To Confront or Not to Confront

Today on Dead Deco, we are going to address a common problem in the world of Day of the Dead fandom: The Uninformed Fan.  To stay abreast of ideas and artists moving around in this genre, our editors cruise the internet in constant search of Day of the Dead related articles.  Unfortunately, this time of the year brings out the most examples of misinformed bloggers recounting experiences they seem to be mistaking for Day of the Dead observance.

From Effortlesscool.wordpress.com

We frequently use the words “Celebration,” “Party” and “Event” when referencing Day of the Dead observation, but the connotation of those words has caused many to take this time intended for offering respect and commemoration to the dead as a tradition best observed in a bar wearing face paint.  This brings us to our question for today:  Should we confront or not?

Confronting people by telling them that they are wrong insinuates that we have some type of authority in this matter to tell people how they can and can’t celebrate this holiday.  On the other hand, not confronting is a condoning action of non-interference.  In this passive aggressive age of indirect confrontation, many people are advocating that there is space enough for everyone’s opinions to be correct.  But when did it become inherently wrong to disagree with people or to challenge ignorance?  Countless traditions and customs have atrophied into shallow meaningless representations of themselves simply because there were never enough people willing to risk being unpopular by standing up against dilution.  Of course, the other side of that coin is dogmatism and stoicism prevent growth and foster intolerance.  Is there a wise compromise?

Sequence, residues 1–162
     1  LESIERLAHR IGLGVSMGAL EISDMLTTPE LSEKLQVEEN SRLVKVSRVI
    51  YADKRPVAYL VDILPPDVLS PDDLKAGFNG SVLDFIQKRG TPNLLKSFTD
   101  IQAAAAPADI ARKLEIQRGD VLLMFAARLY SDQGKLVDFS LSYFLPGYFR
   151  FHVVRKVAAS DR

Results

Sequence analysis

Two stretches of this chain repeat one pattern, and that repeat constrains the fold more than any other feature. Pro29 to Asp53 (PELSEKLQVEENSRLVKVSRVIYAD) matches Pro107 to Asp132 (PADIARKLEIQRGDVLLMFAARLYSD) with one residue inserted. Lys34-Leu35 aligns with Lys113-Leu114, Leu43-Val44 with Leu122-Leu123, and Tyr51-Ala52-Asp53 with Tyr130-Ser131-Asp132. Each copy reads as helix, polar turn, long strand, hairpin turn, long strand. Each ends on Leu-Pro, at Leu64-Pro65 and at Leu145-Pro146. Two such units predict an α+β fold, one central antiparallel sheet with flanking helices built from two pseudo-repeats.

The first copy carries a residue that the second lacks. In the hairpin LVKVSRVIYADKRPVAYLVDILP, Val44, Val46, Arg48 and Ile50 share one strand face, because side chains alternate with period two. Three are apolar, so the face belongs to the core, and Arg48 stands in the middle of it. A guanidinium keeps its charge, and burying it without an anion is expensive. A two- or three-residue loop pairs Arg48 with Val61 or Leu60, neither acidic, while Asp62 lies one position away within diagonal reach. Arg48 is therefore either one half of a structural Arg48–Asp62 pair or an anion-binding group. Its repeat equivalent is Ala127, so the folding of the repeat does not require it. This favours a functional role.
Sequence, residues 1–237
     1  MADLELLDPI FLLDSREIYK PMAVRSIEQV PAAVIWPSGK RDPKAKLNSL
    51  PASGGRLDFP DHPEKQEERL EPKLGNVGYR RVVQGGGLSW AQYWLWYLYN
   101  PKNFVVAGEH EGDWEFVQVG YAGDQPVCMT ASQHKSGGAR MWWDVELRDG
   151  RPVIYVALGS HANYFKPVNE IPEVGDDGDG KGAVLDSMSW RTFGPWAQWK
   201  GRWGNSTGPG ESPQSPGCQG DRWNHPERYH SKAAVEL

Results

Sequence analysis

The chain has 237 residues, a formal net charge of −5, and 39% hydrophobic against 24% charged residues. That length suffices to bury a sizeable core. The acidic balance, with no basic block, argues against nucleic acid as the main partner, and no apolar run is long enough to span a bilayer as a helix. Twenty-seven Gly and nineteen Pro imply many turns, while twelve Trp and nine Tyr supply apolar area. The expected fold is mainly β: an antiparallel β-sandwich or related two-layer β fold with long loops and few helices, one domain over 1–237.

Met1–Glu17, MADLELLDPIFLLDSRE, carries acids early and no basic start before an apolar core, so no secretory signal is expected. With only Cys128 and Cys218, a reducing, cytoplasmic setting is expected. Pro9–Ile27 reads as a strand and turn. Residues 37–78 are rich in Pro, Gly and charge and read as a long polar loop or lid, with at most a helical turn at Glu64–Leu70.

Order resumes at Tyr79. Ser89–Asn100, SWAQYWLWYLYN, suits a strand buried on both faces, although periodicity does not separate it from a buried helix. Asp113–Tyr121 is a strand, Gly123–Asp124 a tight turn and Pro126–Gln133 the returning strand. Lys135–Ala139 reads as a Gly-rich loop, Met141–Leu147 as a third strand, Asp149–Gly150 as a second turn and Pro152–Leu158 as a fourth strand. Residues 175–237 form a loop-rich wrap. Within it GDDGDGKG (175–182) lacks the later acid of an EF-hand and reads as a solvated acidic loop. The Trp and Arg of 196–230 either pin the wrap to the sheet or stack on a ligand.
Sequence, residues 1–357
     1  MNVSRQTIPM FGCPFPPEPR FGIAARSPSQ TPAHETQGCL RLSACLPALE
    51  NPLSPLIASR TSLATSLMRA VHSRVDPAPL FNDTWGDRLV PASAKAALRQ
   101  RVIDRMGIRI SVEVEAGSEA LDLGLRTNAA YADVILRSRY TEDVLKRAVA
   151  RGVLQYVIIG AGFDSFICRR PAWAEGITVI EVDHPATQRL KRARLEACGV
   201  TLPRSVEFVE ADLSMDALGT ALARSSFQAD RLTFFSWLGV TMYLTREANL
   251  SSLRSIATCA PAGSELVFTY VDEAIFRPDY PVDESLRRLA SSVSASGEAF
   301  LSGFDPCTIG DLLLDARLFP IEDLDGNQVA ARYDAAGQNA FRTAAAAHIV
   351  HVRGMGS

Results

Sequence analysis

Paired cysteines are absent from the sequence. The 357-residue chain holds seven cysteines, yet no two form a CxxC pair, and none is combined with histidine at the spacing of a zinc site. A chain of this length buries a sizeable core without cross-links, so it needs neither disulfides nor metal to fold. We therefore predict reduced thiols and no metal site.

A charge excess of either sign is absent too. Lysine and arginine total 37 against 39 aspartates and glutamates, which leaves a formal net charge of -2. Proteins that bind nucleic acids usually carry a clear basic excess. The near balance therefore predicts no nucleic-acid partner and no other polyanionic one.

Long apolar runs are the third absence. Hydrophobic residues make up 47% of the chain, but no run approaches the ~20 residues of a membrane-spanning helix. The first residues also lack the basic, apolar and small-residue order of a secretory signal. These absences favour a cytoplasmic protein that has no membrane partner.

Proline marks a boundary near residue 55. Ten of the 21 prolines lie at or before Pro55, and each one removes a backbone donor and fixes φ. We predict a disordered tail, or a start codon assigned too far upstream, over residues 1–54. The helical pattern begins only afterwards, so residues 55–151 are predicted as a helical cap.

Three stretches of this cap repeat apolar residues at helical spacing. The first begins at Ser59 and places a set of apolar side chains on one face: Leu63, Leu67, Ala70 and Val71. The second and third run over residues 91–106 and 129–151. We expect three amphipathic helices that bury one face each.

Till a resolution in this matter is discovered, we will simply continue to question those we disagree with on their interpretation of Day of the Dead.  So to Sahra of EffortlesslyCool.Worpress.com, we have these two comments:

We think your blog  posting entitled “Viva La Santa Muerte” has nothing to do with Santa Muerte and little to do with the Day of the Dead.  How do you feel you have honored the dead by painting your face and standing in a bar drinking?   We welcome your response.

2 Comments

  1. Well thanks! I actually know a smidge about the history of the day, though as a 22 year old I enjoy the social perks of themed parties. I’m sorry my blog didn’t offer a history lesson. My blog is a style blog, and that post is paying homage to the stereotypical aesthetics of the Day of The Dead.
    I didn’t mean to come across as stoic or uneducated and I’m sorry you felt that way.

    1. We were not criticizing your lack of additional published information on the subject Day of the Dead, but rather your individual lack of understanding for that with which you have publicly affiliated yourself. Perhaps you should invest time in learning more than a “smidge” about the topics you choose to publish on your blog if you do not wish to receive criticism from those of us who are offended by your bastardization of a tradition we view as more than a party-theme.

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